To date, Bella Coola has had no confirmed cases of COVID-19. (Bella Coola Valley-Nuxalk Nation Coordinated Information Bulletin Facebook)

Checkpoint at Bella Coola Valley shifts to informational purposes only

Travellers are being advised most accommodations and sites remain closed

Permits are no longer required for visitors wanting to enter the Bella Coola Valley.

The Nuxalk Emergency Operations Centre (EOC) stopped issuing travel permits as of July 1, 2020.

The 24-hour checkpoint at Kettle Pond on Highway 20 is for informational purposes only.

“We felt things were improving in the province,” said EOC co-director Terry Webber. “Although permits are not required checkpoints are still taking information and monitoring who is coming in and going.”

Read More: Threats, racism being directed at COVID-19 checkpoint staff: Remote B.C. First Nation

Most accommodations and tourism opportunities remain closed in the Bella Coola Valley.

“Even the local parks are closed, Tweedsmuir Park is closed,” Webber added.

“Even the question on BC Ferries’ opportunities to pass through I tell them BC Ferries only comes and goes once per week as they are running on their winter schedule.”

An American who recently tried to enter the Bella Coola Valley decided to turn around after Webber said he gave him the lowdown on what might happen if he came into the valley.

Read More: B.C. gets $2 billion in latest COVID-19 federal aid package

An exposure to COVID-19 would be devastating for the small remote community, Nuxalk leadership have said since the COVID-19 pandemic began in March.

As well as providing information to motorists, the EOC is also monitoring the community’s inlet traffic.

The months of July and August are prime fishing time for locals and tourists both in the rivers and ocean.

“They’re working 12 hours a day monitoring who comes into the wharf and comes into town,” Webber said noting Americans are trying to come up through the inlet.

He said while there are restrictions on commercial fisherman, they do not apply to recreational fishers.

“It’s costing the Nation a bit of money but the way I see it it’s worth the investment to keep everyone safe in the valley; even just keeping one American away is definitely worth it.”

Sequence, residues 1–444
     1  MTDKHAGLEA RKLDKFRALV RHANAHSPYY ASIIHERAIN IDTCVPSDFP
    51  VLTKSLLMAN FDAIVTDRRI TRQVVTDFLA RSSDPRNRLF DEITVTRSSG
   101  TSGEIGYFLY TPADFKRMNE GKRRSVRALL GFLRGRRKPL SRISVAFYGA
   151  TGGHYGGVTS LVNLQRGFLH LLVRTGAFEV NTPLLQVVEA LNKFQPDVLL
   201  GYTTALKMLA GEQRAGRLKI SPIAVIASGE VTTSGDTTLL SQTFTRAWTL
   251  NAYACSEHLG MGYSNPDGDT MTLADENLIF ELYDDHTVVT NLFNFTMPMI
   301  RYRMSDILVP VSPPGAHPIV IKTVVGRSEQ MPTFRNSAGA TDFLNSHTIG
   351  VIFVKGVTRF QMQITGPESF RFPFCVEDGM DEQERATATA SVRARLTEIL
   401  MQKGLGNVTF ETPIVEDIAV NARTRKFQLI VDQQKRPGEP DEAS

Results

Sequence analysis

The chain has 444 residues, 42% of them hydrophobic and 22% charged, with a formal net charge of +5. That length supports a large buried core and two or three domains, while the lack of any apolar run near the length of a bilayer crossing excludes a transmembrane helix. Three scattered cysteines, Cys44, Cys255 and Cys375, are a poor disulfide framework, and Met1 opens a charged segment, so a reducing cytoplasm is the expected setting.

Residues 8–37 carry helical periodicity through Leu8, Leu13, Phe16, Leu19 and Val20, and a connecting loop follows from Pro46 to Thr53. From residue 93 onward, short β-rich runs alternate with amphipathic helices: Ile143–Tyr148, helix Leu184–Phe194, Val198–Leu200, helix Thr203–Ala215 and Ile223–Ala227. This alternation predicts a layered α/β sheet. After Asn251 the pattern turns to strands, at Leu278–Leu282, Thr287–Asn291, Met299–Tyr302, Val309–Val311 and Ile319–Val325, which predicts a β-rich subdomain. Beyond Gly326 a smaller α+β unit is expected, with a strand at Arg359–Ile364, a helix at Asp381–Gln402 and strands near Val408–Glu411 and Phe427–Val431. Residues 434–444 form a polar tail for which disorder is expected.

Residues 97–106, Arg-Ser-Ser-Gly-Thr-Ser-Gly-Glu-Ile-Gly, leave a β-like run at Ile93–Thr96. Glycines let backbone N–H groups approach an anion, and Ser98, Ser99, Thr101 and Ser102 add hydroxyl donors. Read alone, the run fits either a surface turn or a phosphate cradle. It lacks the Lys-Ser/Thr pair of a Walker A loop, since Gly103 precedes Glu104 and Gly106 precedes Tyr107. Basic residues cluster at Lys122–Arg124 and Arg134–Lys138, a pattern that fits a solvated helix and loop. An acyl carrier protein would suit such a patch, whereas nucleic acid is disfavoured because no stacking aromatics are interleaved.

Do you have a comment about this story? email:
rebecca.dyok@wltribune.com

Like us on Facebook and follow us on Twitter.

Bella CoolaCoronavirustravel

Get local stories you won't find anywhere else right to your inbox.
Sign up here

Just Posted

Rodeo clinic, ranch visit entertains First Nations youth and elders in B.C.’s Interior

A fun time had for Stswecem’c Xgat’tem First Nation at C+ Rodeos

Drugs, cash seized by Quesnel RCMP during raid on rural property over long weekend

Police seized 507 grams of methamphetamine, 750 ecstasy capsules, 20 grams of cocaine

Studies show Mount Polley Mine breach material re-suspends in Quesnel Lake

High copper levels continue in Quesnel River six years after breach

UPDATE: Wildfire northeast of Clinton put out by BC Wildfire Service

Fire at 51 Mile Creek suspected to be lightning-caused

Alberta to require masks at schools this fall, but still no mandate in B.C.

B.C. students are also set to return to classrooms in September

B.C. to allow customers to buy cannabis online for in-store pickup at private shops

Age verification will still be required inside the store

30% of British Columbians would ‘wait and see’ before taking COVID vaccine: poll

Some are concerned about side effects, while others don’t think the virus is a big deal

Don’t leave your hand sanitizer in the sun and other tips to stay COVID safe this summer

Being mindful of staying outside and keeping hand sanitizer, sunscreen out of the sun recommended

What exactly is ‘old growth’ B.C. forest, and how much is protected?

Forests minister Doug Donaldson doesn’t support ‘moratorium’

Canadians can travel to Hawaii in September; no quarantine with negative COVID test

Travellers will be required to pay for their own tests prior to arriving

Anonymous letters tell Vancouver Island family their kids are too loud

Letter said the noise of kids playing in Parksville backyard is ‘unbearable’

Michael Buble among 13 British Columbians to receive Order of B.C.

Ceremony will be delayed to 2021 due to COVID-19

Most Read